Controls whether the generation of page content is done on the server or deferred to the client.
Specifies the default locale used in the output document.
When contained by a present element, specifies the output format. When contained by an openAction element, specifies the action to perform upon opening the document in an interactive client.
Specifies either the type of compression to apply to a file or the type of output to produce.
Specifies the Form URI.
Supplies a base location for URIs in the form design. When this element is absent or empty, the location of the form design is used as the base.
Controls the location that log data or output data is written to.
Controls the location that log data or output data is written to.
Specifies the initial page when the document is opened.
Informs to AEM Forms server/Communications APIs which events to ignore.
Controls whether the output PDF document is linearized.
Controls which set of scripts AEM Forms executes.
Controls the inclusion of tags into the output PDF document. Tags, in the context of PDF, are additional information included in a document to expose the logical structure of the document. Tags assist accessibility aids and reformatting. For example, a page number may be tagged as an artifact so that a screen reader does not enunciate it in the middle of the text. Although tags make a document more useful, they also increase the size of the document and the processing time to create it.
Specifies the version of PDF document to generate.

Known issues

  • You can use a specific render type (PDF, PRINT) only once in the print options list. For example, you cannot have two PRINT options each specifying a PCL render type.

  • For a batch configuration, only one instance of combination of values of OutputType(PDF, PRINT) and RenderType(PostScript, PCL, IPL, ZPL, and so on) is allowed.

  • For asynchronous APIs (Batch processing), the defaut record level is set to 2. You can use a custom XCI to change record level to 1.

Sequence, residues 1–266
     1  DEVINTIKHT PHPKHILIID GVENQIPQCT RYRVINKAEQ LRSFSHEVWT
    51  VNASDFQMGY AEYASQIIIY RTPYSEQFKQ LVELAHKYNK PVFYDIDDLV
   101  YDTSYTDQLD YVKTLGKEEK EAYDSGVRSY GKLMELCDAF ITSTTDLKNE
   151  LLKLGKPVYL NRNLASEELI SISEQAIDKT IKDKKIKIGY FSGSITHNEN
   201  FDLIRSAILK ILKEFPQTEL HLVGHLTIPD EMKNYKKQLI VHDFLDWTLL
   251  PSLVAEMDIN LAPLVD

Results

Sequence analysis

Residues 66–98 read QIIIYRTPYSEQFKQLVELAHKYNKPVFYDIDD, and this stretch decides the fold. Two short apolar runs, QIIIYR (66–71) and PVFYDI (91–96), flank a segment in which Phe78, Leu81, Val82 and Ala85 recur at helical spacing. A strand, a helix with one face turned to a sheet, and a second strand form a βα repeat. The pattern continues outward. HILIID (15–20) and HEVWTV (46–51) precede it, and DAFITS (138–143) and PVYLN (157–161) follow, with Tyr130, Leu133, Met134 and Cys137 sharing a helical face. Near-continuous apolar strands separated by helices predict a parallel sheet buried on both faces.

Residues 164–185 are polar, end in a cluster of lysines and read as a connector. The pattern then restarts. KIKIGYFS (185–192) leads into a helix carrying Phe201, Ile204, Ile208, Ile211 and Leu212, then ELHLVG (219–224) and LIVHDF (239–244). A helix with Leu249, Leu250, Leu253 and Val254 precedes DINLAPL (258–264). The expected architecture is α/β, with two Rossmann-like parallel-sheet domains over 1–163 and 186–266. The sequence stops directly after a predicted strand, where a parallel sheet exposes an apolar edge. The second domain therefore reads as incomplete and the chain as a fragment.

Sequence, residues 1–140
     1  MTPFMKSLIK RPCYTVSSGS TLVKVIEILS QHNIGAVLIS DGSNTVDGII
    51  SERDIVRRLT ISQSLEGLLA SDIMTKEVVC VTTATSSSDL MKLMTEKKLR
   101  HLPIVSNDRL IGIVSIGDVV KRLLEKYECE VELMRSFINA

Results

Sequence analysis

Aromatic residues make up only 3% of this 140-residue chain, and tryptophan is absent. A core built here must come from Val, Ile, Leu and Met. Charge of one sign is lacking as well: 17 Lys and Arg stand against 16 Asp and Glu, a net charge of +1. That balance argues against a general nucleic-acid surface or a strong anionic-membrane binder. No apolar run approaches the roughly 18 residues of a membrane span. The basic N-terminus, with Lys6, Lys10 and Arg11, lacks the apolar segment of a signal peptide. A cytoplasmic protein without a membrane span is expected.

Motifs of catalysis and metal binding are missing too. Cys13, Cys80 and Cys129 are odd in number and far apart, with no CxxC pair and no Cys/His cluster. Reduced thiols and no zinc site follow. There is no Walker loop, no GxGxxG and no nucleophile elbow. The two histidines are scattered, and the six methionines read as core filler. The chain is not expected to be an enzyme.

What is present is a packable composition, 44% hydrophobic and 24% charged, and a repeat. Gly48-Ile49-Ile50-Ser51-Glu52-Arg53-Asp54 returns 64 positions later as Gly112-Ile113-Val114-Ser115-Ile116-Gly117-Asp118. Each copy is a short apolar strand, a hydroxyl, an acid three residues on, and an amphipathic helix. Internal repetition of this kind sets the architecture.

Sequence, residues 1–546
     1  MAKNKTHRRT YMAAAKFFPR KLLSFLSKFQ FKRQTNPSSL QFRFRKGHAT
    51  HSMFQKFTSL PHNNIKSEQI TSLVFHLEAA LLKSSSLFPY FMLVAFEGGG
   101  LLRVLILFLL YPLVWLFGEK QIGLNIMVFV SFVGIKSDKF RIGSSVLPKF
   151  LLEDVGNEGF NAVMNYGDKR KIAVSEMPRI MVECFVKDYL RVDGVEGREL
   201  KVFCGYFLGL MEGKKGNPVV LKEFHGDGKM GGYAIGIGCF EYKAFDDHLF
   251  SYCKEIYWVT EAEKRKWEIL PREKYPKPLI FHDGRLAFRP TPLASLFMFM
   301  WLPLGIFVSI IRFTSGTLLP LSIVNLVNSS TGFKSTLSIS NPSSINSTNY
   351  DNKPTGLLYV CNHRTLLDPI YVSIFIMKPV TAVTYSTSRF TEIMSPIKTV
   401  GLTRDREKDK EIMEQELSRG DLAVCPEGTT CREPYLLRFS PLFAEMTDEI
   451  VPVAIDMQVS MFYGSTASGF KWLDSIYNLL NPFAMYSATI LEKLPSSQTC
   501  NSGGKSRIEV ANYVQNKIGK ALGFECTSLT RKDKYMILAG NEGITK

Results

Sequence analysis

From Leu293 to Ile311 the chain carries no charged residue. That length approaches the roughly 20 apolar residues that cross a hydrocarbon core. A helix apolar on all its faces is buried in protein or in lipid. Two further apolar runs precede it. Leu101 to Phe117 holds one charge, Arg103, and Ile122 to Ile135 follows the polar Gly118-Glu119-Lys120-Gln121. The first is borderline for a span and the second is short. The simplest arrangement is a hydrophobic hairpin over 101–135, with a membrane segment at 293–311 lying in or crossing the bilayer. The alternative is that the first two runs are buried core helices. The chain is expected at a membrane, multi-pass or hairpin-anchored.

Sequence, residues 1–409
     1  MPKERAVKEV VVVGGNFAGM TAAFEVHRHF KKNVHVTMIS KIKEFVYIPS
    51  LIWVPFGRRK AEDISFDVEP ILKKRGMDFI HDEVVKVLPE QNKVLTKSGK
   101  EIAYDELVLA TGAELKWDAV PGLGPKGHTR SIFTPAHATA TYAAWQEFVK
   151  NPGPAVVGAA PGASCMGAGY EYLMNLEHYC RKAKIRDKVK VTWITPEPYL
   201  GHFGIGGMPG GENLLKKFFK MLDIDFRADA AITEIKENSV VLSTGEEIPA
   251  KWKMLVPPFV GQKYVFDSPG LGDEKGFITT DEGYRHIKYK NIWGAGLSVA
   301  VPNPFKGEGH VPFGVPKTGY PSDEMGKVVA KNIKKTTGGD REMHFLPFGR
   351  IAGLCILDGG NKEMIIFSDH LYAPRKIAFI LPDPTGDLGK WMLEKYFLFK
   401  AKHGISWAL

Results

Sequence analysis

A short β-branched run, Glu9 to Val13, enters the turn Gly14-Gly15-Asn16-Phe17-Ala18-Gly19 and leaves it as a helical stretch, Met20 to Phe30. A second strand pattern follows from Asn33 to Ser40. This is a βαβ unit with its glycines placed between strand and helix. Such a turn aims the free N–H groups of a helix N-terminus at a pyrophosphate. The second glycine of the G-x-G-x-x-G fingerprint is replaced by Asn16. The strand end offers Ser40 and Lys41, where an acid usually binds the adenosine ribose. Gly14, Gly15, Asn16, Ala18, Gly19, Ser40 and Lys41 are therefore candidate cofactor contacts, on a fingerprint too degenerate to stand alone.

• When the default XCI is configured, it includes path till original rendition. For example, /content/dam/formsanddocuments/default.xci/jcr:content/renditions/original

Best Practices

  • Adobe recommends that you host data files blob container store in the cloud region used by AEM Cloud Service.

Frequently asked questions faq

Can I use a watched folder or other storage mechanisms to store input and output?

At the moment, you can use Microsoft Azure Storage to save input data and generated documents. Microsoft Azure storage provides various options to automate data movement operations.

Is a Microsoft Azure Storage account included with Experience Manager Forms Cloud Service license?

Microsoft Azure Storage account is independent of Experience Manager Forms Cloud Service license.

Does Communication APIs store data on Experience Manager Forms Cloud Service servers?

Input and output data is saved only on Microsoft Azure Storage.

Are Communication APIs available only for Experience Manager Forms Cloud Service? Can I get similar functionality on on-premise environment?

You can use AEM Forms Output service to combine a template (XFA or PDF) with customer data to generate documents in PDF, PS, PCL, and ZPL formats.

In comparison to on-premise environment, the Cloud Service provides additional benefits of auto-scaling and cost effectiveness.

Can I run multiple batch operations simultaneously?
Yes, you can run multiple batch operations simultaneously. Always use different source and destination folders for every operation to avoid any conflicts.